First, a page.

I used to do stand up; I did stand up for a number of years. I love comedy. Bridesmaids was funny, and they had some slapstick funny moments that were not silly. It had caricature-y moments, but it didn’t make a mockery of who these people were. There was an element of reality to who these loud personalities were, and they harmoniously just fit together, and it was hysterical to me. There are so many things I used to quote from that movie, especially when she’s tripping on the plane, talking about sitting in first class and drinking champagne. Everyone was just on their game, and when it comes to a film like that, especially a comedy, it’s such a gamble, because every comedian has their own flavor and it’s so hard to get everyone singing the same song, harmonizing. Trying to put all these types of comedians in the same box, I think they knocked it out of the park.
Joel Meares for Rotten Tomatoes: It was really interesting watching this film and then having also recently watched When They See Us, Ava DuVernay’s piece on Netflix, and seeing both projects focus on post-prison life in a way we don’t often see. Was there something in doing this film that you learned that you didn’t know about what happens people leave prison and have to navigate the systems and rules outside?
Just how difficult it is in every element and every aspect. It seems like that world is working against you. Brian has a book now called What Set Me Free, and there you’ll learn a whole host of things he went through in terms of dealing with a parole officer who was not very kind to him. And him actually trying to make it; it’s like they work to put you back in prison. They don’t really have a good start, they don’t have help; they’re out, but it seems like the prison system is working as hard as it can to get them back in, cutting off any sense of the opportunity at a real life as much as possible.
Before we started shooting, I had to wear an ankle monitor, the same one Brian wore, for about a month. Tom Shadyac, the director, asked me if I would be willing to just wear it without taking it off and I only took it off when we got to shooting a scene where I had to take it off. When you wear it and you’re so self-conscious, you realize this thing now is part of your identity – you have to shift how you do everything. The fact that you can’t go within a certain distance of a park — and parks are everywhere — you start noticing parks are everywhere. So that means you can’t live in certain places, you can’t even eat in certain places, you can’t be around certain people. It shifts your entire idea of what the world is. People are still in a cage when they’re on parole. Just because they’re outside, they’re not free.
So you weren’t just wearing it, you were wearing it and abiding by the rules?
Yeah, brother, it’s not fun. You have to charge that thing at night or else it starts beeping and will wake you up. You have to figure out how to shower with it. You do not wear shorts for anything; you wear thick socks to cover it. It was a real process. I appreciated that Tom asked me to do that because it was something to get into the mindset. It really put me in the state of mind of what it means to be self-conscious in a different way. I just did a month; Brian had to do five years.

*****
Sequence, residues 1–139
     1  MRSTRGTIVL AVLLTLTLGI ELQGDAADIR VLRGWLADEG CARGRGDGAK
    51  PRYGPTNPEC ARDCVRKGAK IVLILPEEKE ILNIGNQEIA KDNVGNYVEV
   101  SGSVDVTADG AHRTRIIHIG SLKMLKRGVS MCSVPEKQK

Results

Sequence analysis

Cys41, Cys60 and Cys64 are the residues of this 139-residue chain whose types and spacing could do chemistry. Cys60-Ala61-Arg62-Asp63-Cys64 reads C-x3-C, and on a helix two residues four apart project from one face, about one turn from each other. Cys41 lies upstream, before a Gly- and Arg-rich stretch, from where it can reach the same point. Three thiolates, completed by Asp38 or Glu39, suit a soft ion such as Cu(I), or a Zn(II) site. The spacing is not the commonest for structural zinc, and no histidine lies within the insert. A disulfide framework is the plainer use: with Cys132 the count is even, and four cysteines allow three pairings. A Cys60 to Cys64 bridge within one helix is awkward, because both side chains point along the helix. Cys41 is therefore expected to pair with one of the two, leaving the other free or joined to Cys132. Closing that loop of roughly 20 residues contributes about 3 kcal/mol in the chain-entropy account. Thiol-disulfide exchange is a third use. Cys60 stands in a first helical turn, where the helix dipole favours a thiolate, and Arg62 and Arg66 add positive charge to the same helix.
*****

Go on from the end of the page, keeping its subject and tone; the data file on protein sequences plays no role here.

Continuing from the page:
How much time did you spend with Brian, and what was your biggest take away from your time with him?
We met about a month-and-a-half prior to shooting in Memphis. The moment we had a conversation, right off the bat, I started asking him about his whole training regiment, so I could get a trainer, but I was like, “Why don’t you train me yourself?” We started training together in the gym and we were basically together every single day; we were either together physically in the gym or we talked every single day until we got to Memphis. When we were in Memphis we were still together every single day, even on the days off. It was just me and him. We formed a great bond. We’re still friends today. I had a chance to meet his little son a few months ago back in New York. He gave me such a great opportunity to really execute my art and show what I can do and be effective in a different way; hopefully more effective towards a progressive conversation about change.
So, he’s taught me a few things, but he’s a great guy, and the very first time we met, that was what it was about for me. Do I like this guy? Do I respect this guy? I asked him if he was still angry and bitter. He said, “Nah, the anger had its time. I let it go. I just want to be happy.” I was like, this man is elevated, so I can respect that, I can learn from that. That’s my dude right there.
You’ve done this film and Clemency and played a D.A. in City on a Hill. What draws you to these kinds of stories – about prison and issues in the justice system? And why do you think we are seeing a number of prominent stories like this at the moment?
I can’t answer why they’re getting told at the moment outside of just serendipitous timing, because Brian really started trying to pioneer this project back in 2012. I think the first script was written by 2014. We shot this film in 2017, so it’s years in the making before finally getting to a place where I think the universe was just like, “Now is the time.” You couldn’t work out the time better between When They See Us and this movie coming out. I think it’s the universe saying, “We really do have an issue. Let’s really focus on the conversations that need to be had, and actions that need to be taken when it comes to this.”
Nothing really drove me directly to Brian Banks. He came to me and I answered. I kind of leave myself open these days; I’m trying to just not control or live in the illusion of control when it comes to what I’m doing. If something feels right, I’ll hit it and, you know, the Banks audition came across, I believed in the story, I was personally inspired, so I was like, “Please let me be an asset.” And I was lucky enough to book the job.
Thumbnail image: Rachel Luna/Getty Images for Film Independent, Universal Pictures, Lions Gate, Twentieth Century Fox Film Corp, Akhirwan Nurhaidir/©Sony Pictures Classics
Brian Banks is in theaters August 9, 2019.